Spanish filmmaker and visual artist Carlos Casas joins us on Close-up Culture for a discussion about his latest feature film, Cemetery.
Q: ‘Cemetery’ interacts themes such as death, reincarnation, immortality, memory, colonialism, and many more besides. Did you have a clear vision for this film when you set out to make it or did some of these themes emerge along the way?
A: I believe one of the greatest things when you stumble upon a great theme is when it starts kaleidoscoping into a myriad of themes, subjects and layers. For some reason, I always start a project from intuition by following an image, a sensation that inhabits me. In this case, I had this image, this idea or myth, of the elephant graveyard that was persecuting me since my childhood, since watching Tarzan at young age.
While doing the research, I understood that – like regression therapy – you stumble again to that image that marked you, that shaped you. Of course, that fascination of a seven year old has reshaped and picked up loads of other images and meanings, and the film doesn’t mean the same today as it did 90 years ago. It has become weary but at the same time brought new meanings.
That is what is fascinating about myths and archetypes: they get remodelled, rewritten and reshaped nearly every generation. The construction of a myth is a very interesting journey.
Q: ‘Cemetery’ is composed of four parts. Can you talk about these different parts and what each brings to the overall film?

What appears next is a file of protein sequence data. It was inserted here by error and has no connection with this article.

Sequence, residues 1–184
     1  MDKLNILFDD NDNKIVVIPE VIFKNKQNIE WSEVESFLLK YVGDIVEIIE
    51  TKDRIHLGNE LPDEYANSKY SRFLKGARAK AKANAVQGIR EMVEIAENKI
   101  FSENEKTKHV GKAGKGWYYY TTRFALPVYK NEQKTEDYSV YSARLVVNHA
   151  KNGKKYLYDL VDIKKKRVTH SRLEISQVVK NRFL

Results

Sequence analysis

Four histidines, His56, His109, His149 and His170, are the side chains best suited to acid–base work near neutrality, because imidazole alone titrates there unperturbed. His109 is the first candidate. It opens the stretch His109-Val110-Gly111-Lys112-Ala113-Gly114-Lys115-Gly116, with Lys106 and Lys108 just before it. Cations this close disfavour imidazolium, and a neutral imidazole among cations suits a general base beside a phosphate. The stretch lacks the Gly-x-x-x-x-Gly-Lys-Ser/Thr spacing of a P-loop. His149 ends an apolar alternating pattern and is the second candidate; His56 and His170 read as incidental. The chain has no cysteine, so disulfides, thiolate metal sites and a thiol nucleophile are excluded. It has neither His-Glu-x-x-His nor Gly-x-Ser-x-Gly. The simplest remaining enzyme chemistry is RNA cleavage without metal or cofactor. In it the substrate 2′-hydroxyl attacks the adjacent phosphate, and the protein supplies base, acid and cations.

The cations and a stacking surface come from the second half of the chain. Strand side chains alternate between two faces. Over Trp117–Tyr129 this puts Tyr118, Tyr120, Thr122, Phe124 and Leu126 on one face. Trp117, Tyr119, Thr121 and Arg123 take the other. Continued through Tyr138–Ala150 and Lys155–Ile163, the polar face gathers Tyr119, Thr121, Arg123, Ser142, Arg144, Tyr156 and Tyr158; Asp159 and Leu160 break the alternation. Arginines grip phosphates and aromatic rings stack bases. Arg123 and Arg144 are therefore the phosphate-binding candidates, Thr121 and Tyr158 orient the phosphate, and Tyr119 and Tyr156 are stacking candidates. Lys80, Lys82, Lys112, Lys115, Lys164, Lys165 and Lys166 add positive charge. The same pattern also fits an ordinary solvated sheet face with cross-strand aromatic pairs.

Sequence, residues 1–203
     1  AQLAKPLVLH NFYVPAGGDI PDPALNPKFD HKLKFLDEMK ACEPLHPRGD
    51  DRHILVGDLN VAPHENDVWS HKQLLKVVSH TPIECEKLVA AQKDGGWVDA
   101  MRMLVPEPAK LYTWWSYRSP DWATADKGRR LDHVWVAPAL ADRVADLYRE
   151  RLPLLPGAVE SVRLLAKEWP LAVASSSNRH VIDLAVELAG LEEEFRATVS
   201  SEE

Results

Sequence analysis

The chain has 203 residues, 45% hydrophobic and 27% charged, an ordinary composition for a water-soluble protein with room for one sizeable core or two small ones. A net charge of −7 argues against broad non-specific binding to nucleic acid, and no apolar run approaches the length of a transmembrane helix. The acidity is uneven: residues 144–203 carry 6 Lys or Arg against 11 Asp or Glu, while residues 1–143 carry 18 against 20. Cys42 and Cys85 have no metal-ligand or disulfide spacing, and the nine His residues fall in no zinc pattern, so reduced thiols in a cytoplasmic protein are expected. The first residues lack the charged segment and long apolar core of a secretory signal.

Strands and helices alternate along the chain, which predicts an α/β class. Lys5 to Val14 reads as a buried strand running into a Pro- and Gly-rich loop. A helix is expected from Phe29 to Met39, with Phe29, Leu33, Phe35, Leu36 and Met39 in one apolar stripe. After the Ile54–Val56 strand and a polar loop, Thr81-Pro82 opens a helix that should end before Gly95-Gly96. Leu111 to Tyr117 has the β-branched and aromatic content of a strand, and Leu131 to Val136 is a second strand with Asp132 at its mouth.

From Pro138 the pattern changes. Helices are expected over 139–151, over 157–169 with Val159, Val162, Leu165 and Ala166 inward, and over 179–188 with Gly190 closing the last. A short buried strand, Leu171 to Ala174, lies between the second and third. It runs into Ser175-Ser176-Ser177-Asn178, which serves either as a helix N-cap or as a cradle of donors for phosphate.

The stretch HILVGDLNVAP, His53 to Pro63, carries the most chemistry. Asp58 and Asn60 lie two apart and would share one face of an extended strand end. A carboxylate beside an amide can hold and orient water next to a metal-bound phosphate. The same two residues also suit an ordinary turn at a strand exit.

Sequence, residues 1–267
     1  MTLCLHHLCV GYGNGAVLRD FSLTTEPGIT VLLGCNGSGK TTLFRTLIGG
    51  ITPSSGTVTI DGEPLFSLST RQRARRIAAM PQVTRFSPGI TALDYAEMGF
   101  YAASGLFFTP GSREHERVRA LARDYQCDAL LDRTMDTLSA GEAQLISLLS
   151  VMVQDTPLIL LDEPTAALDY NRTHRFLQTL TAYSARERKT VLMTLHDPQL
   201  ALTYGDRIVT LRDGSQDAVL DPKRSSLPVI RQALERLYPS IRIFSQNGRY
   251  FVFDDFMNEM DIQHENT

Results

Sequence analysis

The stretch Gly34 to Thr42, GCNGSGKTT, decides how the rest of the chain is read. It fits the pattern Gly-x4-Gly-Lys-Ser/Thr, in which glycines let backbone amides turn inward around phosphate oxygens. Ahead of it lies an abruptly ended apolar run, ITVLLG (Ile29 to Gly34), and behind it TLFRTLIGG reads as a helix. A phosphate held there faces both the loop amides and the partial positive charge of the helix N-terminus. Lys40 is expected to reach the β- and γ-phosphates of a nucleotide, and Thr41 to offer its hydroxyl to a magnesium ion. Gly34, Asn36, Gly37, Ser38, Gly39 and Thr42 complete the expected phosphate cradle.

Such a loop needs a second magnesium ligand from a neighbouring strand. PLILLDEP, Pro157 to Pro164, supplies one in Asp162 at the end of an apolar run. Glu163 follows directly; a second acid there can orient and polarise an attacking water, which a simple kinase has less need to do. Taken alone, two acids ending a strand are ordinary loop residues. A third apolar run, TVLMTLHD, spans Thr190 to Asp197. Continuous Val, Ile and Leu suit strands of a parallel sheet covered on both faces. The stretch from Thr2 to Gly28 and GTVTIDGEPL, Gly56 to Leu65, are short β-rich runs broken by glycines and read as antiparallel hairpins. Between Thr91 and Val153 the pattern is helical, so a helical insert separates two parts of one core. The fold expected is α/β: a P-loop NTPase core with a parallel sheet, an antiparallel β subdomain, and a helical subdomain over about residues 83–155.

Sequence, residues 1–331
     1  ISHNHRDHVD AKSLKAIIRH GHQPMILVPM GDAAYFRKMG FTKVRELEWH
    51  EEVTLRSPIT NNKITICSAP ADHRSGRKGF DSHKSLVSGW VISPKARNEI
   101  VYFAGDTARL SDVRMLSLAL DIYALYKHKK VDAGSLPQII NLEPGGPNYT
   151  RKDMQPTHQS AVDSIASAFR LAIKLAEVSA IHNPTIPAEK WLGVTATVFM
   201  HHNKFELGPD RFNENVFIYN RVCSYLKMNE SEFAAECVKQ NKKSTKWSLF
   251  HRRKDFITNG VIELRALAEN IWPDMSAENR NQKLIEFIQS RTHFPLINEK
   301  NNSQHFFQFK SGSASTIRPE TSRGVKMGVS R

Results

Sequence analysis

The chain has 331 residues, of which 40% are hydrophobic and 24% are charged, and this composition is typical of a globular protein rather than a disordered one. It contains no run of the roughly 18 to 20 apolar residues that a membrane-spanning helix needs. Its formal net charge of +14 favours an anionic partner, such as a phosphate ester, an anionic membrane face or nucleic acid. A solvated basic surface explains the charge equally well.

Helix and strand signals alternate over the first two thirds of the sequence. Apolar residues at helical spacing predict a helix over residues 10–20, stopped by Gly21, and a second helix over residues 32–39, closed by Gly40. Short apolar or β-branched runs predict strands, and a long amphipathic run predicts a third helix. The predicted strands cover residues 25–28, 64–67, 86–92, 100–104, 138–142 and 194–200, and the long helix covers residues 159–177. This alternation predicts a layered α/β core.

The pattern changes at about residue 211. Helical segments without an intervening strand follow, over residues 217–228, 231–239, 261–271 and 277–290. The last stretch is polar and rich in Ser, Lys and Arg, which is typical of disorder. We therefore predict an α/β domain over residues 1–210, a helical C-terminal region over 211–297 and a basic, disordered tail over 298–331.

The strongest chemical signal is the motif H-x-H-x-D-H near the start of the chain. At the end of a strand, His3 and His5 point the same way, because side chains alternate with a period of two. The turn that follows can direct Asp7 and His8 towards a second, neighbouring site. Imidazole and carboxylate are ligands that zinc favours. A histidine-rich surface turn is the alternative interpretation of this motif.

A: The first part: the elephant and the mahout, the second: the poachers, the third: the cemetery, and the fourth: the epilogue or beginning. Each part has a particular theme and style, as well as shooting technique and genre, etc…
Part I is supposed to introduce the elephant and the mahout, and in some ways it subverts the classic animal documentary – at the same time as the jungle or adventure film.
Part II is an adventure film. A sort of homage, and also a classic jungle film, in a way an adaptation and subvertion of the jungle adventure hunter.
Part III is the journey into the cemetery and beyond. It is more like a sonic interlude, a sort of bardo to prepare the spectator to change place, to reincarnate into the elephant/mahout.
Q: As I understand it, this is a sound oriented film guided by a monologue voiceover. What was your approach to sound and what role did you want it to take on in ‘Cemetery’?
A: Actually, I didn’t end up using the monologue because I felt like it didn’t allow the spectator to enter. But writing the monologue was a very long process and also an interesting one. In a way it helped to shape the scenes and the mood.
Sound is even more important to me than the visuals. The budget of the film was nearly the same for both parts. Of course, there is a version of the project, titled Sanctuary, that features ambisonics and spatialized infrasound that allows the public to discover sound in new ways and to communicate with the elephant, to be affected, and to travel to their inner ‘elephant graveyard’, to their nature’s hidden sanctuary. This notion of an audience sanctuary was very important, as to allow viewers to enter nature’s most secret auditory places, to have a sound narrative and journey.